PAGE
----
In 2017, 21,906 people experiencing homelessness got shelter and services from agencies in Wisconsin, the council’s action plan says. Another federal measure defines homeless children and youth as those who lack a fixed, regular and adequate nighttime residence. In the 2016-17 school year, 19,264 children attending state public schools met that definition, it says.
“We are seeing a growth in homelessness of those who are brand new to homelessness,” Basford said. “I’m spending a lot of time looking at what we could and should do. Our focus of scope has been much too narrow. It has to be wider. We’re going to need something along the lines of a moon shot.”
The change in administrations, however, complicates the pace of progress.
“Short term, it means somewhat of a reset,” Volk said. “We now have to take a pause and bring the governor and cabinet secretaries to a level of understanding that the past members had just by them hearing numerous presentations on the issue. Long term, I would hope that this administration would be more aggressive in funding priorities outlined in the plan.”
Steineke said: “With the governor chairing (the council), I’m hopeful they will continue to meet and make recommendations that we can approve and implement. At this point, I’m optimistic we can continue the progress we’ve already made.”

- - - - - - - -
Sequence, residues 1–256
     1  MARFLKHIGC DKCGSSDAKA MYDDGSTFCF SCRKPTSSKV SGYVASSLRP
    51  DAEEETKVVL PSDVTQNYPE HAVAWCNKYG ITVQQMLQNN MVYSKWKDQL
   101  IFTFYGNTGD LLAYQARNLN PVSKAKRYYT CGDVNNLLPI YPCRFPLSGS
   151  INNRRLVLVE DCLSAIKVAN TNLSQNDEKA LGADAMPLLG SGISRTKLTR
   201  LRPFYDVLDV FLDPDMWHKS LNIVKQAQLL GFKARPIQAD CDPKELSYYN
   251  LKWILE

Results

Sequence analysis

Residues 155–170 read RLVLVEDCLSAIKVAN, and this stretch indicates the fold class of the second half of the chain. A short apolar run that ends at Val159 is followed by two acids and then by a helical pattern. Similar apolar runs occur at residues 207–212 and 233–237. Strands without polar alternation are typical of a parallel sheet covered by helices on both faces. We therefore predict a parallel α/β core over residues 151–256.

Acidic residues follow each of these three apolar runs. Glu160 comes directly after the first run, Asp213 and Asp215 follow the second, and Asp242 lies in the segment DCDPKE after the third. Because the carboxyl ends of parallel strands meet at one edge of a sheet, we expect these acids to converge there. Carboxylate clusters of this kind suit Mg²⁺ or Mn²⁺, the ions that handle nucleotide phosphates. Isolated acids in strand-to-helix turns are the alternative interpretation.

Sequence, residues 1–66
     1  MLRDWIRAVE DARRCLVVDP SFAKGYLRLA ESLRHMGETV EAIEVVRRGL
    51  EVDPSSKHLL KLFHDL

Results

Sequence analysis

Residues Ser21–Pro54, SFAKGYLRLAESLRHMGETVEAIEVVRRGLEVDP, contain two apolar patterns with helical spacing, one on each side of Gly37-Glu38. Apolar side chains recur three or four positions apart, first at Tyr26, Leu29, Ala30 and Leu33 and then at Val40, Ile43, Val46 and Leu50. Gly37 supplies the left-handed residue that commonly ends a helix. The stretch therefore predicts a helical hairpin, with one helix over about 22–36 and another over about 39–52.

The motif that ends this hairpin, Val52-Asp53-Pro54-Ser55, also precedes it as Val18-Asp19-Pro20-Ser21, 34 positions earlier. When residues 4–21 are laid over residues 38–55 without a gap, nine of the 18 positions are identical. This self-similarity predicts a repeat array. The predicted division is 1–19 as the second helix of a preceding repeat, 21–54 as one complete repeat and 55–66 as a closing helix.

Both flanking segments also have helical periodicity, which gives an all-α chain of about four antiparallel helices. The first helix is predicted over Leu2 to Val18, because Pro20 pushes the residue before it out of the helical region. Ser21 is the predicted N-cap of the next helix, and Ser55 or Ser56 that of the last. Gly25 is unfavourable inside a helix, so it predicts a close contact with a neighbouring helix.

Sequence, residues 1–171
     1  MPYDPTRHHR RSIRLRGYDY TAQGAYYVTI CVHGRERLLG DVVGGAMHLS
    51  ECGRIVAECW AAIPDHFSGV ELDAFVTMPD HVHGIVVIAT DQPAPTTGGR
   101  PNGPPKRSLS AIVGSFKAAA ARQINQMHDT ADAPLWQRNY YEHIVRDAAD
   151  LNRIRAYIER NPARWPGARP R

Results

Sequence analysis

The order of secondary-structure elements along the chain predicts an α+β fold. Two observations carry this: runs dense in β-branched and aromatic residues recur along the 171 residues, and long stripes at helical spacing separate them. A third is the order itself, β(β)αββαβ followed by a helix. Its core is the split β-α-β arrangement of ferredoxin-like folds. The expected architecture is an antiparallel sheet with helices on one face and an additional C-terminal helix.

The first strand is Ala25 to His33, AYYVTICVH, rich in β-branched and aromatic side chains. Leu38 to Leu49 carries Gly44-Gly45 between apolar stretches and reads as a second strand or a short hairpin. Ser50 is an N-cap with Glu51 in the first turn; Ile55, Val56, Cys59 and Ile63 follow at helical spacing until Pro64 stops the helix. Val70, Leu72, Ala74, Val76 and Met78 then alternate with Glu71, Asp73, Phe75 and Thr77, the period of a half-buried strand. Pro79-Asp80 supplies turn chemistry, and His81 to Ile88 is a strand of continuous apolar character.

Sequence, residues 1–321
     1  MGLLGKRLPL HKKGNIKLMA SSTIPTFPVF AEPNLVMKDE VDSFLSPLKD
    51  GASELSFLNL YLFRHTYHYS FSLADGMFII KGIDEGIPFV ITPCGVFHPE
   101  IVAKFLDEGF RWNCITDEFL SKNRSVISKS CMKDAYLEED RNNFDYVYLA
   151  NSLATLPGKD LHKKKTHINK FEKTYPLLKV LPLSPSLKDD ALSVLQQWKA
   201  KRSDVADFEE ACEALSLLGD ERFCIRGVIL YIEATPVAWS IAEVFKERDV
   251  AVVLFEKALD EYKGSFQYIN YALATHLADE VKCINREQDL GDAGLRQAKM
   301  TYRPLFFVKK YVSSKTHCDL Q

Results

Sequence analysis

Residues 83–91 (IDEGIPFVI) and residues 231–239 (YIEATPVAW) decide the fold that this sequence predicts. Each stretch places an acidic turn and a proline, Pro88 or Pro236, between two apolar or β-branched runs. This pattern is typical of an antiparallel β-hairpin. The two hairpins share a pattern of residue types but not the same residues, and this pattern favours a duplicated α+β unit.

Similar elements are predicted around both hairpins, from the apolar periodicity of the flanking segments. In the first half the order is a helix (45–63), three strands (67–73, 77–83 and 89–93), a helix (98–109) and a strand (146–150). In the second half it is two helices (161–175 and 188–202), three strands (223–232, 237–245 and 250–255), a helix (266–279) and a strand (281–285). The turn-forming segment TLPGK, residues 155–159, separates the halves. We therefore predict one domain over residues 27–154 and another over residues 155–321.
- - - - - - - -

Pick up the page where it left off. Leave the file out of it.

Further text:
Doing more is vital, Sargent said. “Local communities all across the state are doing great things and following sound best practices,” she said. “They do, however, need more financial support. We are not broke. It is clearly about priorities.”
There’s a human, moral motivation to help, but also a financial one, Basford said, noting it costs up to $40,000 a year for shelter, policing, emergency room and other expenses to maintain a homeless person on the streets.
“Society is going to pay for this one way or another,” he said. “I’m driven by the human element, but it’s also cheaper to house people.”
Basford cites bipartisan efforts on behalf of veteran homelessness as an example that should be a model for broader efforts in Wisconsin.
“Where we can partner with Republicans, we will take that opportunity every day of the week,” he said. “This is an all-hands-on-deck fight.”